Expanded Description: The World Wide Web is a an application that runs on network foundation, a development and media platform, and, of course, a ubiquitous source of information. At its heart, the Web is about content and how it affects people, and this means content in various media forms including social connections. Increasingly, too, the Web creates both the repository and reflection of larger cultural concerns.The course builds on the concepts and techniques explored in COMS2200, and focuses on understanding how the web really works. Like COMS 2200, we will investigate content technologies in both a practical and theoretical fashion. We will start with HTML and its associated technologies, and end with site promotion. Along the way, students will create their own web site on a topic they choose.

COMS 2902 3.0 – Idea, Opinion, Argument: Rhetoric for Academic Settings

Crosslisted as EN 2902 3.0 and MODR 2902 3.0.

Calendar Description: This course introduces students to the theory and practice of effective persuasion in academic discourse. Focusing on written forms of persuasion from various fields, students will gain argumentative expertise by understanding the history and written techniques of rhetorical communication.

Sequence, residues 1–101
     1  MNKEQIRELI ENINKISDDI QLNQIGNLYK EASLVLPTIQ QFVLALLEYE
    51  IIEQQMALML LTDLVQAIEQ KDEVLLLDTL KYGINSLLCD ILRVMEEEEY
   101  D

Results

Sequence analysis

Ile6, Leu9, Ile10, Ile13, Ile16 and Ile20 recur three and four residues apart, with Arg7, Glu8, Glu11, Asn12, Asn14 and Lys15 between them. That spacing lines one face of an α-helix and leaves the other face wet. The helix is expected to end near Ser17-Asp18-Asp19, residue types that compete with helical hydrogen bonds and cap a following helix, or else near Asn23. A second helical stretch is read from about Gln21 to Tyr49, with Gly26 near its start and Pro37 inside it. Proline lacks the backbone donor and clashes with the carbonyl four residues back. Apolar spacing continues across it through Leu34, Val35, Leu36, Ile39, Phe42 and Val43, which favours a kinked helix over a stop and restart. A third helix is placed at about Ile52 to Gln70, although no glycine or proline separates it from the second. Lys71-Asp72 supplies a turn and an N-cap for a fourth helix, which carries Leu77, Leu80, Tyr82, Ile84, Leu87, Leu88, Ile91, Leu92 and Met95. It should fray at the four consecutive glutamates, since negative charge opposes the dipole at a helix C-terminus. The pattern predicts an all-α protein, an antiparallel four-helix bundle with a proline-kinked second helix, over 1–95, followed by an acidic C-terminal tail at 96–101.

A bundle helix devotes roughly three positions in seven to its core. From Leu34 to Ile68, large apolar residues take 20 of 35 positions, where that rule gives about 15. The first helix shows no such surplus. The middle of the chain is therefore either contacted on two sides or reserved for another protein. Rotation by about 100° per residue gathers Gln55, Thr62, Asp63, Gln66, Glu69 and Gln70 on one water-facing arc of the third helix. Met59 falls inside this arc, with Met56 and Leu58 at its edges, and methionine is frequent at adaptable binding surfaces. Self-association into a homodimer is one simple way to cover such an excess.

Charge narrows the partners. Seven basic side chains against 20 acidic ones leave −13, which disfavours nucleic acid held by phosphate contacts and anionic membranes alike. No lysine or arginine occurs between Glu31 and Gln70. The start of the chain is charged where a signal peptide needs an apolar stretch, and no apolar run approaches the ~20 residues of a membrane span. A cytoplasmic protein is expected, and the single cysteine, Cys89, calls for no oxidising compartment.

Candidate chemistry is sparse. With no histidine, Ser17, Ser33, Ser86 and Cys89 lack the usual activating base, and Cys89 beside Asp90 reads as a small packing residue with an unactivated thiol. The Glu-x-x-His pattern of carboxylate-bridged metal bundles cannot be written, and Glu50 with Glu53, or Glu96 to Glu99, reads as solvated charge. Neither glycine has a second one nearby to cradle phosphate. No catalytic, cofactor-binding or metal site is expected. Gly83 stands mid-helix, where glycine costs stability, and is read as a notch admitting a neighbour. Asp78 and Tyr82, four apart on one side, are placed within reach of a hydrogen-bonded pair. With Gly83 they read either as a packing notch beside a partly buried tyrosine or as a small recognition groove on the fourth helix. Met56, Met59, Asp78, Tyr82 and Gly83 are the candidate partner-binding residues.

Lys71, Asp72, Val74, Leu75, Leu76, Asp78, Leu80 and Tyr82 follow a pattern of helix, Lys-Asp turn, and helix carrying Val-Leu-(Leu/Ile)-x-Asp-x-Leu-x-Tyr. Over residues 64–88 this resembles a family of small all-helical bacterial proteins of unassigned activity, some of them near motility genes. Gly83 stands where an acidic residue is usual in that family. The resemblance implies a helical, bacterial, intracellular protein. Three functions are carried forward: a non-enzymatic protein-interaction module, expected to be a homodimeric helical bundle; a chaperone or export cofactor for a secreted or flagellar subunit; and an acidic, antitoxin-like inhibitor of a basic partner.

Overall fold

Expanded Description: This course addresses questions by examining the long history of the art of persuasion—rhetoric—as the foundation for a satisfactory answer. The course will show how rhetorical writing heuristics are an important foundation for academic discourse, and how these tools help shape compelling academic writing. Investigating attitudes about persuasion through the ages, students will also gain perspective on why argument itself is so important in the creation and expression of academic knowledge.

Further, this course will also emphasize the practical construction of written ideas and forms to hone students’ academic understanding. Students will gain the expertise they need to express themselves more appropriately, effectively and successfully. The course will follow a traditional learning format, with the course being equally split into lectures and in-class group or individual analysis, along with discussion of various persuasive texts. Because effective persuasive writing is closely tied with close reading and analytic practices, the course may incorporate documents from many fields. A special focus, however, will be on key argumentative structures from various disciplines in the Arts and Social Sciences.


COMS 3201 3.0 - Beyond Borders and Bridges: Transnational Communications

Calendar Description: This course addresses implications related to communications, media and language in the context of globalization and increased international interactions. Issues of power relationship as well as theoretical perspectives will be in the focus of this course.